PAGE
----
Dry Fit

Throwback Thursday:  A story of shirts and sweat.  This was written back in 2017, but I still have most of the clothes.

Tennis players are a bunch of cheap bastards, and for 40 years, I fit right in.  Then I made the mistake of taking the wife to Indian Wells.

Now, I could learn to fly jets for what this shit is costing me.

When I was living on a teacher’s wage (50 cents a year above poverty) tennis “cost” was maybe $200 a year — racquets, shoes and balls…

Got suckered into the corporate world, so I joined the 3rd world club for $80 a month.

I’d just wear cotton T-shirts and gym shorts — basically spent nothing on clothes. The wife didn’t care.

Then we went to see the pros. Indian Wells has fucking expensive tickets and food on site is like a goddamn NFL game.

But what the hell, it’s a one-time cost and we get to see Larry Ellison’s grand vision. Instant replays for line calls on every court, and 20-something-girlfriends for the dicks of Palm Springs.  (Everyone knows that’s not your niece, you dirty-old-bastard.)

It’s March and it’s 97-degrees. The wife and I are broiling in the sun. We decided to look for a cool shady spot and a drink.

We found $20 margaritas. It was a cheap-ass plastic cup and the margs were marginal. But they said: “No Fault Margarita”.

She must have a set of 8 glasses. That’s nearly a year’s worth of playing tennis poured out in one day.

I was not allowed to dig the plastic cups out of the trash. We must purchase and polish off each drink. The drunkenness helped me get over being pissed at the price.

Carnival of Clothes

We are halfway to the full set of “glasses”, when she spots “The Tent.”

It’s sitting in the middle of the grounds and air-conditioned. It’s cool and dark inside, and I’m already sunburned. I can’t leave.

It’s filled from flap to flap with the latest in tennis “fashion”. Fuck.

In the first 27 years of marriage, we both would have cringed at the scene and left.

But my wife, who is unpredictable (you know, like a Bear) keeps holding up lime green shirts or orange shorts or some bright blue splatter of patterns on hats and socks… “Do you like this one?” She asks with each lift.

I started out with my typical answer to 99 percent of her questions: “Sure, whatever you like.” That’s the secret to a long-term marriage, son. Have no opinions and ask for nothing.

But the piles of clothing kept getting higher and higher in the cart.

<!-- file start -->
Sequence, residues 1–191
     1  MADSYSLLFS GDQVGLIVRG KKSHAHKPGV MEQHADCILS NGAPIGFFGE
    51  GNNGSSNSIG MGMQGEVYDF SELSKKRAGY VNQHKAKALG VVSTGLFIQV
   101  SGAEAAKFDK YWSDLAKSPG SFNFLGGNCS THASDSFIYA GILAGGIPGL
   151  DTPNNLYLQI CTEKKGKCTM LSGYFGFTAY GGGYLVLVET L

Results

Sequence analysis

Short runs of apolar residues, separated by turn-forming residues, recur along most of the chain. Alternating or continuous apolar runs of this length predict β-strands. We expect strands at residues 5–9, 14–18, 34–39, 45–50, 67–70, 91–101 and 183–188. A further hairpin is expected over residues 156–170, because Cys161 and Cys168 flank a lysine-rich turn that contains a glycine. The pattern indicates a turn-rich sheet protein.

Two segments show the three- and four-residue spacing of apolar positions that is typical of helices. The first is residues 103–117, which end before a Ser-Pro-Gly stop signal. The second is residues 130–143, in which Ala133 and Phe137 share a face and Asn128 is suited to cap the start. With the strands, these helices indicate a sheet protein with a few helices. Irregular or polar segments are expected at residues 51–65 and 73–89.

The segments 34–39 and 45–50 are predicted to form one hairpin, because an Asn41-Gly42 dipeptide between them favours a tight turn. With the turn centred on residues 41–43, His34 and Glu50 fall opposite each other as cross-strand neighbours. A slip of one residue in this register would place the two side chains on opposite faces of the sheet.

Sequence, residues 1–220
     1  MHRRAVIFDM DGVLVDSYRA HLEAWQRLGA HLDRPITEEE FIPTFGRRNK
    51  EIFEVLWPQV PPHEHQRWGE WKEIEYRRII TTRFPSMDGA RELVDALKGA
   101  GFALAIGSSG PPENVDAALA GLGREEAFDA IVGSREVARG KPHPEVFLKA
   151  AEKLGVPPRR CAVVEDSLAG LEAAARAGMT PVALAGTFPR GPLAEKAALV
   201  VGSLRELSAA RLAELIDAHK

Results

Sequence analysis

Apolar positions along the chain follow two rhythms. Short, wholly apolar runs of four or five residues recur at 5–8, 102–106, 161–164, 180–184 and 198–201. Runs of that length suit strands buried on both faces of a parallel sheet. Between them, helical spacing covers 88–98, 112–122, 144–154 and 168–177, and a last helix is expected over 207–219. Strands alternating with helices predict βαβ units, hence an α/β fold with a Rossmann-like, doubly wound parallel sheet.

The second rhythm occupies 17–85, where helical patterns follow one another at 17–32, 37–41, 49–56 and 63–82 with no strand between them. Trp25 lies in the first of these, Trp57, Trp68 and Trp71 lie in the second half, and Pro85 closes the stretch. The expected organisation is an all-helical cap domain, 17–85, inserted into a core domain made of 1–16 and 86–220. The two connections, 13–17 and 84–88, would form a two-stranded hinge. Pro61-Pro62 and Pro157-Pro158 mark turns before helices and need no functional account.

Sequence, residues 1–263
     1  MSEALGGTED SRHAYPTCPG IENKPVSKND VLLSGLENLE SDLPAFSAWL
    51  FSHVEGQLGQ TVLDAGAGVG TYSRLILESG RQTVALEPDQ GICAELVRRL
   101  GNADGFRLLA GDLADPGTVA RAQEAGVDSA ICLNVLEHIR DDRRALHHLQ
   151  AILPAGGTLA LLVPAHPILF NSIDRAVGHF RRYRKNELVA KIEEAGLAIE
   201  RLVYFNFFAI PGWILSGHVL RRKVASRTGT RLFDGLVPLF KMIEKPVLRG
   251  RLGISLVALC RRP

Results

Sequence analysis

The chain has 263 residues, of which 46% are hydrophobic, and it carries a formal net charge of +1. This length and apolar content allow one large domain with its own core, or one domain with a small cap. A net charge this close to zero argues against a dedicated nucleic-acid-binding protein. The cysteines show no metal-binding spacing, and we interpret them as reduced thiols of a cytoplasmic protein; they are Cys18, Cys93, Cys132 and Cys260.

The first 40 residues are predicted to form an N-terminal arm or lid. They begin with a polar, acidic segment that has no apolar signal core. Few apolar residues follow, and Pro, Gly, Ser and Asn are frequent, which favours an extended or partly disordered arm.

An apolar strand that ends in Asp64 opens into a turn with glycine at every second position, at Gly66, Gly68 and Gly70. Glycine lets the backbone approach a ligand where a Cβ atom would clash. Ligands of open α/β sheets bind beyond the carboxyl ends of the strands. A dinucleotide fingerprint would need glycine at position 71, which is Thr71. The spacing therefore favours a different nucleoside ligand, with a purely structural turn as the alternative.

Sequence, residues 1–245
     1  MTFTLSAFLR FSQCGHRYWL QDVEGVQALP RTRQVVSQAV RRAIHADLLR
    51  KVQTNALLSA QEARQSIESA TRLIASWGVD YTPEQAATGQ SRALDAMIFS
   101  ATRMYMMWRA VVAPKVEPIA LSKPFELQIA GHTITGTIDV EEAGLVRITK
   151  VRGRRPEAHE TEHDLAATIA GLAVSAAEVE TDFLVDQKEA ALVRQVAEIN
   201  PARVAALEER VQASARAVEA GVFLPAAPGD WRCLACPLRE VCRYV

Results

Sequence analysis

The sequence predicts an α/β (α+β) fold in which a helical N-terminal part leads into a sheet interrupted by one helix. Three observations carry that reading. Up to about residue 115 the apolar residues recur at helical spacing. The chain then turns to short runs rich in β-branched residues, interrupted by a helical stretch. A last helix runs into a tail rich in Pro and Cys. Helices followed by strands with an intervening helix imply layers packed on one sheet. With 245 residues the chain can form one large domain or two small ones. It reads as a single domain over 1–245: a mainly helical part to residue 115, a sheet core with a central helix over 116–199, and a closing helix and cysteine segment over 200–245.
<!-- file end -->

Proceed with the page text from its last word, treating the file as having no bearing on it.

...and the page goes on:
“Do you like this one?”

Time to change my game: “Fuck, I don’t know.”

It went in the cart. Shit.

“Do you like this one?”

“Kinda girly.” It went back on the rack.

“This one?”

“I’d look like a fat hippie.” Back on the rack.

Through a slew of such excuses, I cut the number in half. I checked the price tag on one shirt ($100). Jesus Fucking Christ on a Cross.

Sunburn or no sunburn, I just couldn’t bring myself to witness this atrocity. I left. I’m still not sure what the final bill was.

When we drove out of Indian Wells, there were 8 new tennis “outfits”. Shirts, shorts, socks, hats, sweatbands and some other bullshit.

It’s a 5-hour drive back to Az. I’m silent, almost unconsolable.

“You are going to look so good,” she kept saying.

We both know that’s fucking impossible. I’m kind of like Trump Tower. You can cover it in gold-plated signs, but it will always be shit on a shingle.

“You know these are dry fit clothes, so it’s really going to wick away the sweat,” she said.

I measure my sweat in “puddles”. On a cloudy day, people often look at all the water on my side of the net and ask “is it raining over there?”

For first few times wearing “dry fit”, they wick sweat pretty well. But after a month, they smell like an army surplus tent from the Korean Conflict.

At first, the wife said, “That’s not the shirt, honey, that’s you.” But eventually even she had to agree — it’s the fucking shirts and shorts.

I say it’s all in a plot from Nike, Adidas and these other sweat-shop, rip off, fucking sports fashionistas.

Suck your wife into the colors and then make her buy more new crap because the old shit smells like a dank mix of moose musk and motor oil.

I don’t even get the buying questions anymore. Every few months, the Visa bill shoots up like a North Korean Rocket and more shirts and shorts arrive.

“Don’t worry honey,” she says. “It’s a Dry Fit.”

You can say that again — not even a little vaseline before I get screwed again.

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